Easter Greetings

The celebration of the arrival of spring began in ancient times.  The pagan goddess Eostre was an Anglo-Saxon goddess of dawn and spring – bringing brighter and longer days.  She was also the goddess of fertility (eggs were a symbol of fertility and newborn chicks represent new growth).  Around the 2nd century AD, Christian missionaries ventured north and used existing pagan holidays as a way to convert people to Christianity.  They allowed people to continue their seasonal celebrations, but added Christian meanings to them, and gradually over time overtook the pagan meaning.  This is why the pagan goddess’s name Eoster – is now the name of the spring holiday Easter.  It is also why some of the symbols used to celebrate the pagan holiday are still seen today – brightly colored eggs, baby chicks, rabbits, and flowering plants.

Although eggs have always been a symbol of the season, the practice of delivering eggs was first introduced in German in the early 17th century and brought to the U.S. by Dutch settlers in the 1700s.  German children would make decorated nests for their eggs – which were filled with eggs and little gifts by the Easter bunny the night before (kinda like Santa).

We can really see the blend of seasonal and religious symbols in the holiday’s greeting cards.  Ancient Egyptians would exchange notes on papyrus – and this practice was also shared by Greek and Chinese cultures.  These would be much the same as handmade paper cards that were popular in the early 13th century.  But it wasn’t until postage stamps were introduced in the 1840s that greeting cards came into their own.

Cards became an extremely popular way to send personal messages – and with the availability commercial production – they were made on a mass scale.  Cards were made for all the holidays, but since Easter was mostly seen as a religious holiday, the use of greeting cards didn’t take off until the turn of the 19th century.  The Easter card was born in Europe when a stationer in Victorian England added a drawing of a rabbit to his greeting card.  Later cards included chickens, eggs, rabbits, the cross and more. Early Easter greetings were sent on postcards that featured Easter symbols or natural scenery.  Many were colorful and often embossed, or had gold cutouts.

According to American Greetings, Easter is the fourth most popular holiday for sending cards, just behind Christmas, Valentine’s Day and Mother’s Day.  Here are a few from our collection…

And just for fun… here is a stereoscope card of a woman “Trying on the Easter Bonnet”.  Easter was also known as the holiday were it women would sport their new spring hat/bonnet.



Funny Photos From The Lebens’ Collection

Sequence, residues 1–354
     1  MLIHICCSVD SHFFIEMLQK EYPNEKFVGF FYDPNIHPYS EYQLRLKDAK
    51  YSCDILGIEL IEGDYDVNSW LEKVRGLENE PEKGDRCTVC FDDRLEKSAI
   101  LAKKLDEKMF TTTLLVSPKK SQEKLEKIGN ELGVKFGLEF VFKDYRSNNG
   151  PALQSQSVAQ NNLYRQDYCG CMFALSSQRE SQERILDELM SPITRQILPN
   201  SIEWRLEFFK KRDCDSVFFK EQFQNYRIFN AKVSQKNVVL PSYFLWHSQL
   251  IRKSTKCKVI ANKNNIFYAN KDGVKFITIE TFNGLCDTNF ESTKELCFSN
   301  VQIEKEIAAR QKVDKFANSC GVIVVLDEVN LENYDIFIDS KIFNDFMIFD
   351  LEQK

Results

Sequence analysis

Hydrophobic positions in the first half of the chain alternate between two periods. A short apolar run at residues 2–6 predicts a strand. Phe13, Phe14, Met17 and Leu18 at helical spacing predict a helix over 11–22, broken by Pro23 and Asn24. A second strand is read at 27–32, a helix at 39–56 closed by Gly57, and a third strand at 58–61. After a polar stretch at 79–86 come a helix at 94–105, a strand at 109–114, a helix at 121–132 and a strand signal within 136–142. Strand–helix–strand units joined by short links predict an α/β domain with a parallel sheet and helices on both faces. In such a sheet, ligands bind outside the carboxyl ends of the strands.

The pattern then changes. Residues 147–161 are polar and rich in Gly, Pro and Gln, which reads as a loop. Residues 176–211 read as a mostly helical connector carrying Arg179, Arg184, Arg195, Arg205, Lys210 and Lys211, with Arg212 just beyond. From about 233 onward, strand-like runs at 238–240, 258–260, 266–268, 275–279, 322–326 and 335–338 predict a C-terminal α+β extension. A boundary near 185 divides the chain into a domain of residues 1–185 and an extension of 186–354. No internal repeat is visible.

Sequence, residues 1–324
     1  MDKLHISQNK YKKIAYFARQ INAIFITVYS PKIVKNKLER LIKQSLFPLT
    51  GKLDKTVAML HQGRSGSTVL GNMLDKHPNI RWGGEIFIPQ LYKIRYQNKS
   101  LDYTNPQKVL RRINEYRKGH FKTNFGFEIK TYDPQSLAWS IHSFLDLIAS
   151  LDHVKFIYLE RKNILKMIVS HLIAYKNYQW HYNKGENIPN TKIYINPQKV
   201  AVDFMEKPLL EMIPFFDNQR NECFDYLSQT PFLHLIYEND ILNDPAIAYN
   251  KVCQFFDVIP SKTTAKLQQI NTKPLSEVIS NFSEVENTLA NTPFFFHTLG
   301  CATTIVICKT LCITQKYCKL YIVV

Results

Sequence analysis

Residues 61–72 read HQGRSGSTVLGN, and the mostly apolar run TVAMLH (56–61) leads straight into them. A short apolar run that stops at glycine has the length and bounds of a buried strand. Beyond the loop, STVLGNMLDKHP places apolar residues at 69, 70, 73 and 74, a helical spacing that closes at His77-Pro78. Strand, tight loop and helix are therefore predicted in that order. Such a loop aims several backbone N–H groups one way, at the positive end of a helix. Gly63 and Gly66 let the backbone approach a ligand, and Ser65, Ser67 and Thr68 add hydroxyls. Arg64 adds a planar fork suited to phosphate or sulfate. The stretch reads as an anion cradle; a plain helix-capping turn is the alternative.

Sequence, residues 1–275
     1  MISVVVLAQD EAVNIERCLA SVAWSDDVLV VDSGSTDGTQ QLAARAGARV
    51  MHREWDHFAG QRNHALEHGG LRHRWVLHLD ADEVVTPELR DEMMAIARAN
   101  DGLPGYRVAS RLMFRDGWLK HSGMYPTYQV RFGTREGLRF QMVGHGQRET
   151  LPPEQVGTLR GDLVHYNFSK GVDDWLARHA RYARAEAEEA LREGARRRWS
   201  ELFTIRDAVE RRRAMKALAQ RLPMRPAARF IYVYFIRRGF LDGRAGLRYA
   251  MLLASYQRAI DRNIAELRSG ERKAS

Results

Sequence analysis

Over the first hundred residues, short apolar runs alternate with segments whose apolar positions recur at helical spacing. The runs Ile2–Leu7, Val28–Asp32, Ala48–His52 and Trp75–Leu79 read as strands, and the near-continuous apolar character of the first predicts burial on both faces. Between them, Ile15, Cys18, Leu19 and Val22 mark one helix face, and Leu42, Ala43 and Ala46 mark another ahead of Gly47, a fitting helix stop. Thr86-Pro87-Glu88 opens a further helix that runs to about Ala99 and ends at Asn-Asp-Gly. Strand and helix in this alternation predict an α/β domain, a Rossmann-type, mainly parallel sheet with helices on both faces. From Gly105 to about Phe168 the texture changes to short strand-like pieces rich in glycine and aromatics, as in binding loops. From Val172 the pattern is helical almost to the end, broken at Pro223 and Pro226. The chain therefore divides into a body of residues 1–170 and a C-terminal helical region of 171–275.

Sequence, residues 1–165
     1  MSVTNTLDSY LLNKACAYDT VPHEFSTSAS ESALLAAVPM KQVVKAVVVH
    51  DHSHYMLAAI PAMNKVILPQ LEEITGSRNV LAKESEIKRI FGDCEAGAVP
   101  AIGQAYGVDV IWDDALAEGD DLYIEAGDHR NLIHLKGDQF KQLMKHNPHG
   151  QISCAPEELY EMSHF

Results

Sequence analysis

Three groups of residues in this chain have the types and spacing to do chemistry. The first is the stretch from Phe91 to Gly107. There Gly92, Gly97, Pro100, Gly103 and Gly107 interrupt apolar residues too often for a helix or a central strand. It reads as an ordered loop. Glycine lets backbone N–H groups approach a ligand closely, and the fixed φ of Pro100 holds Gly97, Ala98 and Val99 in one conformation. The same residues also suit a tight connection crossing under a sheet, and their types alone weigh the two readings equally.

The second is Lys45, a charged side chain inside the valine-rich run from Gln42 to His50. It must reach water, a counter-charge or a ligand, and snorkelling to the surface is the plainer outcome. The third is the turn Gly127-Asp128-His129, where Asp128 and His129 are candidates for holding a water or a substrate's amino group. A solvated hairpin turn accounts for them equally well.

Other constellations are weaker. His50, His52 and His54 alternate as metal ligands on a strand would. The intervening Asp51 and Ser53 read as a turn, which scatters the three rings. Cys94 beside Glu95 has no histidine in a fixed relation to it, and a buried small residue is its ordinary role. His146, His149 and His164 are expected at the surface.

As we finish inventorying our collection of LeRoy Lebens’ photographic work, a whopping 32,617 images, we thought it would be fun to share some of the most entertaining images that we’ve found through the past year. Having taken photos for most everything you could imagine: weddings, portraits, advertising, and nature, just to name a few, Lebens caught a lot of interesting and funny moments. These are only a small selection of what we have found. If you are interested in finding out more about the LeRoy Lebens collection, come by and give us a visit at the Scott County Historical Society.

0643 Joyce - Sames Wedding
Groom being pulled into the church by his fellow groomsmen (Joyce – Sames Wedding)
Groom being carried up the stairs at St Mary’s Church for his wedding (Schmitt – Rosckes Wedding, 1972)
Leroy Huth posing against a fence post (1966)
Valley Players (1966)
Just a posing clown (Circa-1965)
Clown (Circa-1980)
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Ad for the “Barron Book Rest” (1960) Probably not the safest idea…
Just a Jailbird (1965)


Probably my favorite picture of the collection, a turkey dressed up with a doll’s head, named “Roy Turkey” (1963)
Photo for a Friday the 13th calendar (1967)




St. Patrick Hamlet

With St. Patrick’s day just ahead there is an obvious desire to want to write about it.  Instead of talking about the day itself, though, I would like to discuss the small hamlet in the Cedar Lake township named after that patron saint of Ireland.  St. Patrick, like so many aspiring towns of its time, never really grew bigger than a couple hundred people.  Today, St. Patrick is not more than three points of interest, clumped together on a stretch of road called Old Highway 13, and a few residences.  What is there has an interesting and long standing histories.

Prior to the intrusion of settlers, the area of St. Patrick was heavily forested land inhabited by members of the Sioux tribe.  The Sioux in this area lived primarily on a hill, referred to as Teepee Hill, at the time that settlers first arrived.  This hill served as both a village, with 50 bark teepees at the time settlers arrived, and as a sacred meeting place.  Nearby lakes were used for fishing.  The swamps and woods of the area also provided wild animals for fur and food.